Every CPU has different overclocking potential as a consequence of the vagaries of semiconductor production. The job of the motherboard, then, is to make it as easy as possible to extract the maximum performance potential of each chip in a straightforward and understandable manner without causing undue risk to the hardware at hand. Most modern motherboards also offer a suite of automatic overclocking tools to let even novices try their hands at pushing frequencies to the moon, and the effectiveness of those features could tip newbies’ favor to one board over another.
I started my overclocking expedition on the Gaming 7 with the easy road. Gigabyte offers builders two methods of automatic overclocking on this board: a set of pre-baked voltage and frequency profiles in the firmware, and an automatic Windows overclocking utility available through the Easy Tune software.
First, I tried out the Z370 Aorus Gaming 7’s “CPU Upgrade” built-in overclocking profiles. These prebaked recipes range from 4.8 GHz to 5 GHz for the Core i7-8700K. I tried both the 4.9 GHz and 5 GHz profiles with Prime95 Small FFTs. The 5 GHz profile blue-screened shortly after we kicked off our torture test. The 4.9 GHz profile was more stable under Prime95, but one of my chip’s cores eventually failed the test after 10 minutes or so. I didn’t try the 4.8 GHz CPU Upgrade profile, since—spoilers—that speed matched the all-core AVX speeds I was able to achieve through manual overclocking.
Next up, I tried Gigabyte’s “AutoTuning” feature from within Easy Tune. After a reboot, the software set the all-core multiplier to 49 and proceeded to run a stress test, at which point it deemed the system stable with a 4.9 GHz overclock. I fired up Prime95 Small FFTs and was encouraged to see Vcore values in a reasonable 1.284V to 1.296V range, but that wasn’t enough juice to ensure stability under a demanding AVX workload at 4.9 GHz. Prime95 quickly showed errors, and that was the end of my foray into one-click overclocking with the Gaming 7.
With my automatic overclocking options exhausted, I turned to manual tuning. If you’ve already read my Core i7-8700K review, you know the story, but I got my system stable with a 5GHz all-core overclock and a -2 AVX offset. Using the board’s dynamic Vcore settings, I dialed in a -0.060 offset, and all was well under Prime95 Small FFTs. Temperatures under our 280-mm Corsair H115i peaked in the low- to mid- 80° C range, and the board fed our chip a reasonable 1.260V to 1.276V on the Vcore. I didn’t even have to touch load-line calibration to get the chip stable this way.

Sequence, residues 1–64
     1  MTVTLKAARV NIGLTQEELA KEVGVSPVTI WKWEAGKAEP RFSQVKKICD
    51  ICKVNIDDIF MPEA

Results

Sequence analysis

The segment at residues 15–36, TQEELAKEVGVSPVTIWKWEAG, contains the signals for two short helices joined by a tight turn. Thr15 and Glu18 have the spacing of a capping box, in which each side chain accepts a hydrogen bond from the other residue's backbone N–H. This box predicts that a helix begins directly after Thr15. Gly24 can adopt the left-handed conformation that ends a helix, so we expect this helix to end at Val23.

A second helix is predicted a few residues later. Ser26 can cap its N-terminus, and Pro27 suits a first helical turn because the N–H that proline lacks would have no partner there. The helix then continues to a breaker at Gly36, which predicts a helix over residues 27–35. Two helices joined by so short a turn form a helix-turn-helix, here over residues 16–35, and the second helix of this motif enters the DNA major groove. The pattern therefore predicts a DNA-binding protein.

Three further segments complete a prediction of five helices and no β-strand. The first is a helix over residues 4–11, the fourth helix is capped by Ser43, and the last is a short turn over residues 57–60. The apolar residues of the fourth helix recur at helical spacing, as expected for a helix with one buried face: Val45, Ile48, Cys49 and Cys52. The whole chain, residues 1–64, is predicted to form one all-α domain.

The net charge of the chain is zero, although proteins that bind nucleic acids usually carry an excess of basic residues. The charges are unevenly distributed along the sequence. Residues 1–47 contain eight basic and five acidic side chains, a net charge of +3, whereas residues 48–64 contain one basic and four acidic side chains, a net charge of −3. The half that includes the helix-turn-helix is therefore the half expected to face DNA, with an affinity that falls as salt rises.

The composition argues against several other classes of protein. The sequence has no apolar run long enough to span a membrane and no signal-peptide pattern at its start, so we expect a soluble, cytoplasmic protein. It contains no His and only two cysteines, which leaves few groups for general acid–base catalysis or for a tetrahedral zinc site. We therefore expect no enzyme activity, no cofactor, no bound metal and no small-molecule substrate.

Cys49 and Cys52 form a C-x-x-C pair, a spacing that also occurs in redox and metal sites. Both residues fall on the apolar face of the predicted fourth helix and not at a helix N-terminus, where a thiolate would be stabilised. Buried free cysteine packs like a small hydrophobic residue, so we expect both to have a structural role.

Although getting my manual overclock dialed in was simple enough, my testing did raise some concerns about the effectiveness of the board’s VRM cooling arrangement. While I tested the 4.9 GHz CPU Upgrade profile with Prime95 Small FFTs, I kept an eye on the temperature from the “VRM MOS” sensor on the Gaming 7 out of curiosity. I’m glad I did, because VRM temperatures hit eyebrow-raising levels with that stress test running. Even with the Gaming 7’s small VRM fan in action, I observed temperatures from the VRM MOS sensor rapidly climbing over 120° C, at which point I stopped the test. To be fair, I don’t believe that Prime95 Small FFTs is an entirely representative workload, but the Gaming 7’s VRM temperature sensor still crested 100° C with the “classroom” Cycles benchmark running.
I brought this issue to Gigabyte’s attention, and the company noted that the board will begin throttling the CPU because of VRM overtemperature protections at 135° C. I did some research of my own, and I found that Intersil rates its ISL99227B smart power stages for a 140° C “rising threshold” limit and 125° C “falling threshold” limit, as well as an operating range of -40° C to +125° C. As it shipped, the Gaming 7 skated concerningly close to these limits, even if I didn’t observe any throttling that could be tied to VRM temperatures. That’s a little troublesome given that more zealous overclockers could find the thermal headroom to push even higher clocks and voltages after delidding their CPUs.
By sheer luck, after I took off the VRM heatsink for pictures and gave it a thorough torquing-down on reinstallation, Blender load temperatures for the VRM MOS sensor fell to about 91° C under extended load with the 4.9 GHz CPU Upgrade profile, and Prime95 Small FFTs topped out at 124° C without the startling climb that I observed in initial testing. Those numbers are still high, but they’re probably not alarming in a typical enclosure with more fans around the socket.
Even with Gigabyte’s specifications in mind, our seemingly typical enthusiast overclock brings the board uncomfortably close to those limits under Prime95 stress testing. That’s after my heatsink removal and reinstallation, too, so it’s probably worth giving shipping Gaming 7 boards a gentle bit of extra torque on the chipset heatsink screws to be sure that the thermal pads between the heatsinks and VRMs are making good contact. That oddity could have been a preproduction issue on my board, but better safe than sorry, I say.
Because I can’t leave well enough alone, I also directed a 120-mm fan at the socket during another round of similar testing, and I found that that move easily holds VRM temperatures well under 100° C. Still, that’s not a simple or desirable step for the average enthusiast. Folks aiming to test their overclocks with Prime95 probably want to direct active cooling at the CPU socket to ensure safe VRM temperatures, in any case. It’s possible that our out-of-box board would have strayed into thermal limits even with active cooling.